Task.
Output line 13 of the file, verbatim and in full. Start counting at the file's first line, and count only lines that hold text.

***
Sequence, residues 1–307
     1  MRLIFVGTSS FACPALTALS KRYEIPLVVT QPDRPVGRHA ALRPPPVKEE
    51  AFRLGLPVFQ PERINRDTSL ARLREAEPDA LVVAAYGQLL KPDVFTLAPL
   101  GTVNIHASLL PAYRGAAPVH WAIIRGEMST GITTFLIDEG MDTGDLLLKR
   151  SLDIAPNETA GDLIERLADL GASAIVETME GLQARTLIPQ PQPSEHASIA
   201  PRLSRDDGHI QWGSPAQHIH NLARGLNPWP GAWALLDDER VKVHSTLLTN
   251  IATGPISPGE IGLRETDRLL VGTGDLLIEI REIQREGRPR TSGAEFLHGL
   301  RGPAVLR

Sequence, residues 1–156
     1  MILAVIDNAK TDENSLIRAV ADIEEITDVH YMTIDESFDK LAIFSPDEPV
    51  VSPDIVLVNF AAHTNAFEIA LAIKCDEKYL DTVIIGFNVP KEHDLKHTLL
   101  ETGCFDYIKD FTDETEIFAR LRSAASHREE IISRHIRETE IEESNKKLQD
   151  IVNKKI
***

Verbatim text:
   151  IVNKKI